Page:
It was the 25th time NASA has brought a space shuttle back to Earth in darkness - representing just one-fifth of all missions.
Endeavour left the International Space Station over the weekend. The astronauts put the finishing touches on the orbiting lab, installing a $2 billion cosmic ray detector, an extension beam and a platform full of spare parts - enough to keep the station operating in the shuttle-less decade ahead.
Endeavour will have traveled 123 million miles by flight's end and spent 299 days in space and circled Earth more than 4,600 times.
Endeavour was delivered to the Kennedy Space Center from its Palmdale construction site in May 1991. It's the youngest of NASA's shuttles, first flying in 1992 as the replacement for Challenger.
Endeavor's next and final stop will be at the California Science Center in Los Angeles.
"It's an incredible honor for us to be entrusted with something that belongs to everybody in the country," said California Science Center curator Ken Phillips. "This is a national treasure."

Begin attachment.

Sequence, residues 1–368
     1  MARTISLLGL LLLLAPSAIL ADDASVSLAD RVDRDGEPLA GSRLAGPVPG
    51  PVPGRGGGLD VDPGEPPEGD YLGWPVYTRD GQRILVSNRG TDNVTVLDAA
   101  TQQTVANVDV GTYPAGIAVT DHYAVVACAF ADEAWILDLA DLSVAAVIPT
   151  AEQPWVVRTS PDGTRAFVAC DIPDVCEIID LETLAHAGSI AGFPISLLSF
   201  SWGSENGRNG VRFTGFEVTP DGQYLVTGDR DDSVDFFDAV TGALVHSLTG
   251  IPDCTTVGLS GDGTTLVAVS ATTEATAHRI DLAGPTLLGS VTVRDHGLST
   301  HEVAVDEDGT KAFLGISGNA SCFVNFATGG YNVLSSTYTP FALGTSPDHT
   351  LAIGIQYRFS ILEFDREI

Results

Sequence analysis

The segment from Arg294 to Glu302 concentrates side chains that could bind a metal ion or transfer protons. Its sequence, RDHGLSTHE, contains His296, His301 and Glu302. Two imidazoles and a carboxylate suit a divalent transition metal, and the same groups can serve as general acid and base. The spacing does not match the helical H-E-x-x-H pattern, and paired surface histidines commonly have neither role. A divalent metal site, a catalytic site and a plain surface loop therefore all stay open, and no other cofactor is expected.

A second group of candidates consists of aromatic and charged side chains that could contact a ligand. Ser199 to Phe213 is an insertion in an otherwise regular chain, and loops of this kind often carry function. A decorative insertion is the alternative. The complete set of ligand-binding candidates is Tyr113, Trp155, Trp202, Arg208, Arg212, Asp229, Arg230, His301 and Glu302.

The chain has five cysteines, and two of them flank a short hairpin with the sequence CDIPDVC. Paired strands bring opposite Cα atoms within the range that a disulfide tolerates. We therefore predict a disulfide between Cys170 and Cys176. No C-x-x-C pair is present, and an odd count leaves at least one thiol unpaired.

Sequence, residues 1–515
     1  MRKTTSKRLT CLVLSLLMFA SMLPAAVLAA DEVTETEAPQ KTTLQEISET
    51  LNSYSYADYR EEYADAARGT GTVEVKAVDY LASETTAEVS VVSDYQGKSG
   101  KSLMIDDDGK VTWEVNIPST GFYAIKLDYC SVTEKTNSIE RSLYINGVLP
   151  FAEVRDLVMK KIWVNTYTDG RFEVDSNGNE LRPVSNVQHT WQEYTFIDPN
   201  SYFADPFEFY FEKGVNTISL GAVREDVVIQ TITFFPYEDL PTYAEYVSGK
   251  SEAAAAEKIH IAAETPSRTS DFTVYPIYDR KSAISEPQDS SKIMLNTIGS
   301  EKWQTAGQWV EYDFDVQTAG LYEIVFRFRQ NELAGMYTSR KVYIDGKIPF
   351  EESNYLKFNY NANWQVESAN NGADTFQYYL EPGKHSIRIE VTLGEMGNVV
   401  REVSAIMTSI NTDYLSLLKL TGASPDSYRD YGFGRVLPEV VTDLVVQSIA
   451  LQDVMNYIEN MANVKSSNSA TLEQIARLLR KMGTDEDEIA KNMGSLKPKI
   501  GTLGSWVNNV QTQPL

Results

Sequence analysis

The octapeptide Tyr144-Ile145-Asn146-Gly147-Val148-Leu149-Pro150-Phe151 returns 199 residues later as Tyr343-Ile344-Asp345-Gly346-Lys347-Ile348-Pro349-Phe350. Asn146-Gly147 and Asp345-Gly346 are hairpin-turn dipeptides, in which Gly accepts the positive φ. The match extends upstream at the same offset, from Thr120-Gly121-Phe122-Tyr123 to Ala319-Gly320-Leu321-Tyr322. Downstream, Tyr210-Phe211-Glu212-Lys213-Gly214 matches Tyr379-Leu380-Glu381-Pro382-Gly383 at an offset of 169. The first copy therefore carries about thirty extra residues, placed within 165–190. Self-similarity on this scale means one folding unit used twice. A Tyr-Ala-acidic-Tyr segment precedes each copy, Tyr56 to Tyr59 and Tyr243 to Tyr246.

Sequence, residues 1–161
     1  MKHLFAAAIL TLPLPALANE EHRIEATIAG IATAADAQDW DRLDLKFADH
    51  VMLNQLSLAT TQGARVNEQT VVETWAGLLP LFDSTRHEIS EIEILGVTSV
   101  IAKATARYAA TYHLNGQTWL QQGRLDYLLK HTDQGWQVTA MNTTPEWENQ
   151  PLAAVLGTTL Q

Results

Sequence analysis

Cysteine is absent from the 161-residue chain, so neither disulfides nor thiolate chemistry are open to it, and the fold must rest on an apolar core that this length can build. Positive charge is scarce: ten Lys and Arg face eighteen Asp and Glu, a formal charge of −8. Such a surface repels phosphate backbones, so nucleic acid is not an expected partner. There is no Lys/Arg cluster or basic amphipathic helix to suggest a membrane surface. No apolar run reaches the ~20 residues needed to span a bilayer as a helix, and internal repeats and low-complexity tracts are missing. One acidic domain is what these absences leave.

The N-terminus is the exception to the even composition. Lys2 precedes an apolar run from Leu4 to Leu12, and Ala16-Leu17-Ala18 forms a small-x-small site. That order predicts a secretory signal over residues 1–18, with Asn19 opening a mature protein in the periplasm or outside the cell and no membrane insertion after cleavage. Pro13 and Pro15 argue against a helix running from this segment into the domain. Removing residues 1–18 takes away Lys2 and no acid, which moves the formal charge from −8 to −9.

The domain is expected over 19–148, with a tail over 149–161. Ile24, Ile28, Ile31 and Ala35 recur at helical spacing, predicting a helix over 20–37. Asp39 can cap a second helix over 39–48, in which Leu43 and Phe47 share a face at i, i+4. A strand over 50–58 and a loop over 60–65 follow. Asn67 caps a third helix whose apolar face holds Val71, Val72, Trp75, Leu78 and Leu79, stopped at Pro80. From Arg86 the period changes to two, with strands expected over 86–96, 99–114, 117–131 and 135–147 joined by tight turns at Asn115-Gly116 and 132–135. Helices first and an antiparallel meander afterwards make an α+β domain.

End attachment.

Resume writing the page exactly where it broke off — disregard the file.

The Science Center plans to use /*Endeavor*/ as the centerpiece of its new Air and Space Gallery, which is the final phase of the center's 25-year master plan. But acquiring Endeavor doesn't come cheap. The center will have to pay /*NASA*/ $28.8 million.
"We are very interested in having our conversations continue with L.A.'s philanthropic community. We're optimistic about it," said Phillips.
There is no firm date on when the Science Center will take possession of Endeavor. But sometime in 2012, the shuttle will be transported to Los Angeles International Airport on the back of a 747 air carrier and then moved from the airport to the Science Center.
"We've identified several routes and as we get closer to pinning one of those down, we will announce that route, and hopefully /*Los Angeles*/ will join us in a wonderful parade, unlike anything we've ever done here before," said Phillips.
The Associated Press contributed to this story